This study examined social support processes in the context of positive events. The conversations of fourth-grade through sixth-grade focal children and their friends (N = 116) were observed after focal children outperformed their friend on an achievement-related task. Changes in focal children’s performance-related positive affect from prediscussion to postdiscussion were predicted from the features of these conversations. Focal children reported more positive affect when friends engaged in relatively high levels of help seeking and relatively low levels of off-task talk. Friends’ responses were, in turn, predicted by friendship quality as rated by focal children and friends. Results are discussed in light of the changes in school adjustment and peer relationships that many children experience as they approach adolescence.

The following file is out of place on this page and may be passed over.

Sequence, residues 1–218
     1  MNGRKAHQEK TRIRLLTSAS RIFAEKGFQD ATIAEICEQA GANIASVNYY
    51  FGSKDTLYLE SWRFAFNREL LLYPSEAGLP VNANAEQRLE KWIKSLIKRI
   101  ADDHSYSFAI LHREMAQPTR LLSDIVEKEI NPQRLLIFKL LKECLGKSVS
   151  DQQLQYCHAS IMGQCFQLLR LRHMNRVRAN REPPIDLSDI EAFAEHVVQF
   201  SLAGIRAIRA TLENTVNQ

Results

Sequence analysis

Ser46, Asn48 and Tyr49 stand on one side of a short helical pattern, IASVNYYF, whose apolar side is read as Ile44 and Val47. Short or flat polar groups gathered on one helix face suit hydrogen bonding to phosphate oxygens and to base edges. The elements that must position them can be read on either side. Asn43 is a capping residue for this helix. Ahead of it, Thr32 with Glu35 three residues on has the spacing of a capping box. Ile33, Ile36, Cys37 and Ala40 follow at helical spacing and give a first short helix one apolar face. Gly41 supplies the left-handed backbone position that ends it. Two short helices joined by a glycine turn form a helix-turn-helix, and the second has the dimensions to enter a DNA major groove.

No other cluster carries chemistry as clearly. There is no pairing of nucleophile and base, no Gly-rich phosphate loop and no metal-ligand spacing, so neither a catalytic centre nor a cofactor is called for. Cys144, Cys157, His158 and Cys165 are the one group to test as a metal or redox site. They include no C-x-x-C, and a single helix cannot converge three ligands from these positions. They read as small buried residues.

Altermatt, Ellen Rydell and Ivers, Ivy E.
"Friends’ Responses to Children’s Disclosure of an Achievement-Related Success: An Observational Study,"
Merrill-Palmer Quarterly: Vol. 57:
4, Article 5.
Available at: https://digitalcommons.wayne.edu/mpq/vol57/iss4/5